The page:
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Insights March 2024

11 March 2024 |Dairy

Insights March 2024

11 March 2024 |Dairy
The March update provides an analysis of production and pricing trends for Australian dairy producers.

Commodity Overview

  • National milk production continues to exceed last season but will still be well below five-year average production of 8.6 million litres.
  • The Global Dairy Trade Index declined for the first time since November last year. The index currently sits below average, but remains 4.5 per cent above this time last year, and 8.4 per cent above June 2023 when opening Farmgate prices were announced.

National milk production in January was a 4.8 per cent increase on last year. This narrowed season-to-date production from 4.5 per cent below average last month to 3.8 per cent this month. New South Wales recorded the largest year-on-year increase in January with 9.4 per cent. Queensland milk production was close to unchanged on 2023, while South Australia produced two per cent less than last year. Season to date production at a state level saw only New South Wales and Tasmania remain around average. Production across all other states, and at a national level remains below average. But gradual growth in output continues with production this time last year sitting at 6.1 per cent below average.

The Global Dairy Trade (GDT) Index has declined for the first time since November last year. This breaks a consecutive run of increases in the last six sessions. This puts the index 1.8 per cent below average, but 4.5 per cent up year-on-year. Weakness in the index was driven by declines in Whole Milk Powder (WMP) and Skim Milk Powder (SMP). China normally provides a baseline of demand for milk powder demand. But subdued Chinese demand has seen more sporadic and opportunistic global purchasing of milk powders. The outlook for Chinese demand isn't overly bullish. China's economic recovery post-COVID has been slower than expected. This has impacted dairy imports in the country. China's dairy imports in 2023 were down 12 per cent year-on-year. Reduced spending in foodservice and increased domestic production has driven lower demand. Decelerating population growth is likely to slow consumption growth seen over the past decade. This indicates Chinese dairy imports are unlikely to see growth in the near term. This is particularly the case for fresh milk and milk powders. There may be some potential for increased Chinese demand for processed dairy products. Chinese demand for cheese has been increasing in recent years, but China has limited processing capacity.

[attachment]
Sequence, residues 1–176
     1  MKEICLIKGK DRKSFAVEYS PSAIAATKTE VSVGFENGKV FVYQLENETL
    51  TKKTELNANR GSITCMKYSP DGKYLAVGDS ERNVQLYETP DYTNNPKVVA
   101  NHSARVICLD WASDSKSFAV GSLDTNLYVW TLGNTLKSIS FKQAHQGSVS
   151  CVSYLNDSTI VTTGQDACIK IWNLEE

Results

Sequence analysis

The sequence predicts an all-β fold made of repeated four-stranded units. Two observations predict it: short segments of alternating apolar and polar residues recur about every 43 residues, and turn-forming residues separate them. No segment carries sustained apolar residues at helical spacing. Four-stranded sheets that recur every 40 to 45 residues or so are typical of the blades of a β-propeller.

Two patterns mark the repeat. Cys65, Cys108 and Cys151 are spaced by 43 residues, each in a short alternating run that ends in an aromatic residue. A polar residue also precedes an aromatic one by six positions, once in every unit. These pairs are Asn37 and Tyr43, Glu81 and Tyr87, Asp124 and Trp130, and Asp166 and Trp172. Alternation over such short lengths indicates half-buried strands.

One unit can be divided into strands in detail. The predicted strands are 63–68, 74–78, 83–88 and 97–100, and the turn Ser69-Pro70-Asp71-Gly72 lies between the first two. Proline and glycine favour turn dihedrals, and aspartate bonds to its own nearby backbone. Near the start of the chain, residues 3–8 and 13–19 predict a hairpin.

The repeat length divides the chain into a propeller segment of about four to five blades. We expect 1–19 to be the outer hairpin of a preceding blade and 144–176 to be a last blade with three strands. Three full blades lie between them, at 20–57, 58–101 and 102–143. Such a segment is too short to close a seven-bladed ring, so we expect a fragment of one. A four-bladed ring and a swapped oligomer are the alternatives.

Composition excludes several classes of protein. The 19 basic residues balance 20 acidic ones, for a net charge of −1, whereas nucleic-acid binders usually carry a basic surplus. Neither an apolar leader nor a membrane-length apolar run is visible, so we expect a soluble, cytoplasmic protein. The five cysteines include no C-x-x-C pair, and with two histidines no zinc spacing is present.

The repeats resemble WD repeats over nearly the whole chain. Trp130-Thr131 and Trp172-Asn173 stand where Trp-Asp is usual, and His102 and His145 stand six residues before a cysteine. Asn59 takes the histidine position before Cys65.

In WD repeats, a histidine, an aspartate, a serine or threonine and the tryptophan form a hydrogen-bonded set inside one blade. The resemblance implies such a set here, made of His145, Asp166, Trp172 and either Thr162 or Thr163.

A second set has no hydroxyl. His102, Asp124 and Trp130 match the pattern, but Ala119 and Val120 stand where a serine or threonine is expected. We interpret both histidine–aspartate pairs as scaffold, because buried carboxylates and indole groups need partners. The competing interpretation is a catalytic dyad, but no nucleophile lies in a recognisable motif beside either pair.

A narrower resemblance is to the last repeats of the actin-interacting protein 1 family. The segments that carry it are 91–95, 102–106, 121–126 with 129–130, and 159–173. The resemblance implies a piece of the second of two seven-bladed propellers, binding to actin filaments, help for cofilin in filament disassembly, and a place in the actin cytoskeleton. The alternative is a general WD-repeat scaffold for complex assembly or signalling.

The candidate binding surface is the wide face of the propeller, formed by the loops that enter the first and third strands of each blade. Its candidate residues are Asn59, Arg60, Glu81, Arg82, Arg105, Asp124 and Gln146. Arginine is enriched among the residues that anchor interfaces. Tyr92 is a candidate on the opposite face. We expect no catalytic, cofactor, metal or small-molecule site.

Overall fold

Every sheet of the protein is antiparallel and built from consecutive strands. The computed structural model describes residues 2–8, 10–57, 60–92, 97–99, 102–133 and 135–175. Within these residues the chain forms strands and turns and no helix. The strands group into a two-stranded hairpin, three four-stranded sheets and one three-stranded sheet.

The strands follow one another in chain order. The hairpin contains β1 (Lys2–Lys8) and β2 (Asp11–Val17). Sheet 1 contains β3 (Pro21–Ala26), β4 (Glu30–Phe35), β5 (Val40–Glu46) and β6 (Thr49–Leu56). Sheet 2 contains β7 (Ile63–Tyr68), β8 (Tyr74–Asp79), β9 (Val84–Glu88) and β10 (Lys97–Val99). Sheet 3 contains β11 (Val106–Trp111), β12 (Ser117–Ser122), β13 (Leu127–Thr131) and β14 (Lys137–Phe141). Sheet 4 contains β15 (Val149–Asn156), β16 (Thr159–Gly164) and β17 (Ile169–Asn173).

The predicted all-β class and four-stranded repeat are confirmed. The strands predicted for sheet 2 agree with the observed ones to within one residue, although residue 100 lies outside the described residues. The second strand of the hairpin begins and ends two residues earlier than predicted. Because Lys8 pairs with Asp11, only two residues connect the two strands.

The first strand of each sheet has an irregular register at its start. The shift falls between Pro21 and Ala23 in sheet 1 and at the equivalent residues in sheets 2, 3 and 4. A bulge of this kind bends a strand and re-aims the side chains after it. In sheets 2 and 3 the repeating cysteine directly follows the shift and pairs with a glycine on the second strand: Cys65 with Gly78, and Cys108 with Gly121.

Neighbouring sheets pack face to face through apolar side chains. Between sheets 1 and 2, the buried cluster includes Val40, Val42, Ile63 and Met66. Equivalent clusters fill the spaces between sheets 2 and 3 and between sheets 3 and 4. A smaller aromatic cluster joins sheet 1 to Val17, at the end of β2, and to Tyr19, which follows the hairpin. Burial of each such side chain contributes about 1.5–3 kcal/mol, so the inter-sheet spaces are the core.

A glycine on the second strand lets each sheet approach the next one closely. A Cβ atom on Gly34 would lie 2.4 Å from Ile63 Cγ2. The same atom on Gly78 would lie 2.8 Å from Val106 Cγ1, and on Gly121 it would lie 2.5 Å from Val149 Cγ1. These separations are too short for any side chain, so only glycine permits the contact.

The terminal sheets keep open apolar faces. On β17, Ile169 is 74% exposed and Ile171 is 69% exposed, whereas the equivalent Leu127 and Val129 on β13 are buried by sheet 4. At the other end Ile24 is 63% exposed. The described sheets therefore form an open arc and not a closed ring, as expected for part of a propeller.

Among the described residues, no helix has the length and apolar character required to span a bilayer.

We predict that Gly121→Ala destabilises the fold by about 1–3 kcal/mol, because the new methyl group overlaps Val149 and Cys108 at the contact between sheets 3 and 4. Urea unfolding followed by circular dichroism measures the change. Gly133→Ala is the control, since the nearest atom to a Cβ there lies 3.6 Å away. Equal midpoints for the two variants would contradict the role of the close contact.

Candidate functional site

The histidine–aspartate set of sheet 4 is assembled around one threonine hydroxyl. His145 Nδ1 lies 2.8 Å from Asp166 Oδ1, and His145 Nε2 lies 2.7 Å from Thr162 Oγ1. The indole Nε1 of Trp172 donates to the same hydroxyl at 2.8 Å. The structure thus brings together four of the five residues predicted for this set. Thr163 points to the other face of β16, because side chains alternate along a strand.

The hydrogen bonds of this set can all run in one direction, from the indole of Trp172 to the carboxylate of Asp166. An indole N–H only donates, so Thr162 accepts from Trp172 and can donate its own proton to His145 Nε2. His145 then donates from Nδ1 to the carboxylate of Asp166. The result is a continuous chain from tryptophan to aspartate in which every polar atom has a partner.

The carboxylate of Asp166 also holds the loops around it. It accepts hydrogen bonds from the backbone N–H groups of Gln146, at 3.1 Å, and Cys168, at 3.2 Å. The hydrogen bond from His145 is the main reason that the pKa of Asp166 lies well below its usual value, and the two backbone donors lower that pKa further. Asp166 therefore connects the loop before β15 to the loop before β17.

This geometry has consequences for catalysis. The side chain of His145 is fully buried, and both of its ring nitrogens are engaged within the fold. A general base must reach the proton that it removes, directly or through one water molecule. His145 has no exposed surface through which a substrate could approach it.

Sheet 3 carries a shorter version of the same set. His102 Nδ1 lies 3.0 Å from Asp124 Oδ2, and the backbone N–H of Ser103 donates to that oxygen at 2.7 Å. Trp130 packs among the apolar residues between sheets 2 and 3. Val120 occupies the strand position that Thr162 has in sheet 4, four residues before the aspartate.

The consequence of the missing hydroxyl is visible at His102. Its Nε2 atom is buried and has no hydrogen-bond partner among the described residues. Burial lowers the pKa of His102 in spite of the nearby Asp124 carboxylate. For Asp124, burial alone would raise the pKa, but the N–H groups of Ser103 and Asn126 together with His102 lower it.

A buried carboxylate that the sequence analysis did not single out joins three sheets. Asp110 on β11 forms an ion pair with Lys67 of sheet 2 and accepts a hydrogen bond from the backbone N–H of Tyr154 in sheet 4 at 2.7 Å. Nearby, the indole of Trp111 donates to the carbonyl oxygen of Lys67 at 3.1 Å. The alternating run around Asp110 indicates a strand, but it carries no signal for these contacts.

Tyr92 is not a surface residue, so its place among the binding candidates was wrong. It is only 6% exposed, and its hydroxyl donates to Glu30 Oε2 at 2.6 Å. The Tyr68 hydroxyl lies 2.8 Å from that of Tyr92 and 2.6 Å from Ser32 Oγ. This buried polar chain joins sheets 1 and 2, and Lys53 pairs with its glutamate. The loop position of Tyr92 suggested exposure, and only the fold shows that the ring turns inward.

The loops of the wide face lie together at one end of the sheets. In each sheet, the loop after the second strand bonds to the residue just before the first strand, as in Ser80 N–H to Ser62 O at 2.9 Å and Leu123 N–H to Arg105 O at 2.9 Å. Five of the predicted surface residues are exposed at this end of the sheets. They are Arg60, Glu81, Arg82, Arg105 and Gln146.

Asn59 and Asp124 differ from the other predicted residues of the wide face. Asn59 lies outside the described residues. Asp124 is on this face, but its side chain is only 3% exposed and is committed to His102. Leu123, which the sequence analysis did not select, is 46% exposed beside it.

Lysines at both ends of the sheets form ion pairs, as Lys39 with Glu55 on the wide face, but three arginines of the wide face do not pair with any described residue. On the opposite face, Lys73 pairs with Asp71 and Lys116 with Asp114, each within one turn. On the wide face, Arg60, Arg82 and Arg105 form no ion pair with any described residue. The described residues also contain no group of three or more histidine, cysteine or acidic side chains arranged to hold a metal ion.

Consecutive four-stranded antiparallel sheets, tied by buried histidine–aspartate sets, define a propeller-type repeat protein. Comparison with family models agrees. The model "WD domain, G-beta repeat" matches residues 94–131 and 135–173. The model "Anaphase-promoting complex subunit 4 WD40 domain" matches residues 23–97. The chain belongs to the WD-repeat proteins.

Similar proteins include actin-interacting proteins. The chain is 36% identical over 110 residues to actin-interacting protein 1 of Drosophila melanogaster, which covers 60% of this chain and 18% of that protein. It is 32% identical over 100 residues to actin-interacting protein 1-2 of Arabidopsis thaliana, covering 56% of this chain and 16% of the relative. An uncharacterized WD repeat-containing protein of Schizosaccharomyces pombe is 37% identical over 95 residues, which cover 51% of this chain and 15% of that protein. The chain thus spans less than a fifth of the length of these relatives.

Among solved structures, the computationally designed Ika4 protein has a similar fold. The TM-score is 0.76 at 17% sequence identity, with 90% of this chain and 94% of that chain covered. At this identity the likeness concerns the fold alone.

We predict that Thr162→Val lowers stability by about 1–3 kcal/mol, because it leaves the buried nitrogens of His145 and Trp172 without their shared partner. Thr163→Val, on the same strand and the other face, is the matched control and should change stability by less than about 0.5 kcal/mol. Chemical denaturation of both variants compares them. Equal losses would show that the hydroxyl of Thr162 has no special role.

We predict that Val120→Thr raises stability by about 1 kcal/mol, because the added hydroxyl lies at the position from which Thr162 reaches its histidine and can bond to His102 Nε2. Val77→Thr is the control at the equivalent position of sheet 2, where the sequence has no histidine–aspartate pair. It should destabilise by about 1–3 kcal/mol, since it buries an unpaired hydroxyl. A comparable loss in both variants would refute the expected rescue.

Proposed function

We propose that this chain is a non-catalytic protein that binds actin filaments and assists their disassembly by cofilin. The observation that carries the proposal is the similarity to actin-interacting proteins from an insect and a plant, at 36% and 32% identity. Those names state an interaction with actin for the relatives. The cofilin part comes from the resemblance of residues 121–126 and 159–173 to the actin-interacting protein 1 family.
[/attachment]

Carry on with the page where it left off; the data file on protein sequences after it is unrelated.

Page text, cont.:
In Australia, high farmgate milk prices and lower global dairy prices are seeing increased imports. Low domestic production means lower processing throughput and less exportable surplus. Despite record farmgate prices, milk production isn't increasing which is seeing a shift in the industry. While milk supply is stabilising this season, the outlook doesn't suggest significant growth in coming years. But industry contraction looks to be easing. Processors 'right sizing' operations will eventually lead to an easing of demand to produce export products. This suggests that the future of the Australian dairy industry will be increasingly domestic focused. For the upcoming season demand is again likely to exceed supply. Competition to secure supply will see high farmgate milk prices maintained, though not at record highs. The GDT Index currently sits 8.4 per cent above June 2023 when opening farmgate prices were announced. This will give processors a little leeway when setting new season prices. But farmgate prices will need to be lower for Australia to recapture export demand.

A graph showing global prices for skim milk powder and cheddar from November 2021 to March 2024. Skim milk powder saw some price declines last month while cheddar edged higher.
A graph showing monthly milk production in Australia for the last three seasons. National milk production in January 2024 was a 4.8 per cent increase on January 2023.

Sources: Global Dairy Trade, Dairy Australia

This article is intended to provide general information on a particular subject or subjects and is not an exhaustive treatment of such subject(s). The information herein is believed to be reliable and has been obtained from public sources believed to be reliable. Rural Bank, a Division of Bendigo and Adelaide Bank Limited, ABN 11 068 049 178 AFSL/Australian Credit Licence 237879, makes no representation as to or accepts any responsibility for the accuracy or completeness of information contained in this report. Any opinions, estimates and projections in this report do not necessarily reflect the opinions of Rural Bank and are subject to change without notice. Rural Bank has no obligation to update, modify or amend this article or to otherwise notify a recipient thereof in the event that any opinion, forecast or estimate set forth therein, changes or subsequently becomes inaccurate. This article is provided for informational purposes only. The information contained in this article does not take into account your personal circumstances and should not be relied upon without consulting your legal, financial, tax or other appropriate professional.

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